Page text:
Advantages of CYN-101

  • Cancer Targeting: Specifically Targets Cancer Cells via Laminin Receptor
  • Naturally Apoptotic: Kills Targeted Cancer Cells Without Affecting Normal Cells
  • Non Immunogenic: No Neutralizing Antibody Effects Seen to Date
  • Replication Defective: Engineered to Infect Only Once
  • RNA Genome: No Insertion in Host Genome — No Mutagenesis
  • Payload Delivery: Can be Engineered to Include Therapeutic Payload
  • Represents a potential off-the-shelf treatment that requires no special patient specific manufacturing

The Company believes that the Sindbis viral vector technology represents a differentiated and potentially transformational approach for treating solid tumors. Several obstacles (unsuccessfully faced by others) have been overcome that may make this a commercially viable system and the system of choice particularly for metastatic and primary cancer. Below are some of the major advantages and obstacles that have been overcome in part or whole.

General

The Sindbis viral vectors were originally derived from Sindbis Virus, an alpha virus (RNA genome). Both the wild-type and the engineered vector are naturally transmitted in blood and have long half-lives, which enable intravenous administration.

CYN-101 is similar to the wild-type virus except that it has been rendered replication defective. Once it infects a cell the RNA will code for protein products that trigger apoptosis (programmed cell-death).

Systemic Delivery

The wild-type virus is naturally transmitted in blood and can survive in the blood stream. This makes it a candidate for systemic injection. There is an advantage over other vectors that are lysed in plasma such as lentiviral systems.

Targeting

Sindbis virus naturally binds to the high affinity laminin receptor (LAMR). While the LAMR is expressed by nearly every mammalian cell, it is over-expressed in many solid tumors. In normal cells, the LAMRs are occupied by laminin, thereby blocking binding by the vector. When LAMR is over-expressed in cancer, the binding sites become available for very specific binding and infection by the vector only to cancer cells. Additionally, Sindbis viral vectors transit through the lymph nodes where they also activate and recruit an immune response to trigger cell death through production of activated CD8+ (or cytotoxic) T cells which migrate to the tumor site and kill tumor bearing tumor associated antigens carried and expressed by the Sindbis virus vectors.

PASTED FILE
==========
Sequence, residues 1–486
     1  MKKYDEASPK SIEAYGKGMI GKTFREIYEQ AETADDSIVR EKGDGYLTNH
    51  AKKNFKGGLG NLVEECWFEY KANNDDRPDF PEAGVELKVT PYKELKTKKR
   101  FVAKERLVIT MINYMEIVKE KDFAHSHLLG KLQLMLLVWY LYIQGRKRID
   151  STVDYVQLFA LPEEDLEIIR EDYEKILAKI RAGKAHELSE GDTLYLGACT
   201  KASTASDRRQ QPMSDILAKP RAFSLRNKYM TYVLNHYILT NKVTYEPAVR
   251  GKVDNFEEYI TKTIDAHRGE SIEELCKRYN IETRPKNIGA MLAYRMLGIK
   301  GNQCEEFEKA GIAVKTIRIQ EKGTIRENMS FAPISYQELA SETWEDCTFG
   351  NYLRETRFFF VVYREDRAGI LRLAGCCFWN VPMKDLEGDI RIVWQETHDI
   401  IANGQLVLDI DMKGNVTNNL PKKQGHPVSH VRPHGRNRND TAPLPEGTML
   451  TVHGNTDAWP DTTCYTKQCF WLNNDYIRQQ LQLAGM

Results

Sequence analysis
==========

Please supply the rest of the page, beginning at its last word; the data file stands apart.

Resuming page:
The NYU patents licensed to Cynvec also cover certain methods of custom targeting including the use of tumor associated antigens engineered to be expressed by the Sindbis viral vector to enhance targeting specific cancers. CYN-101, Cynvec’s initial vaccine employs the tumor specific antigen NY-ESO-1 for such targeting.

Little to No Immunogenicity

The wild-type Sindbis virus from which CYN-101 is derived can be associated with a low-level immune response, typically a rash or low-grade fever which usually self-resolve. Immune risk may be further reduced by the controlled dosing at pre-determined titers of replication defective vectors that reduce the possibility of “viremia.”

Apoptotic Characteristic

The vector is naturally apoptotic, enabling its use as a cancer therapeutic (cytoxic) even without a tumor associated antigen, as has been demonstrated in animal experiments.

RNA Vector

The Sinbis genome is RNA, which is not incorporated in the host DNA. There is little to no risk of insertional mutagenesis.

Vector is Replication Defective in Host Cells

CYN-101 is engineered to be replication defective. This may confer it with both therapeutic and regulatory advantages.

Production

CYN-101 is manufactured by transfection of the vector RNA into mammalian cells and purified via column chromatography. Scalable manufacturing methods have been developed, and are currently being optimized to produce therapeutically relevant titers in sufficient quantities for clinical trials.

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Sindbis Virus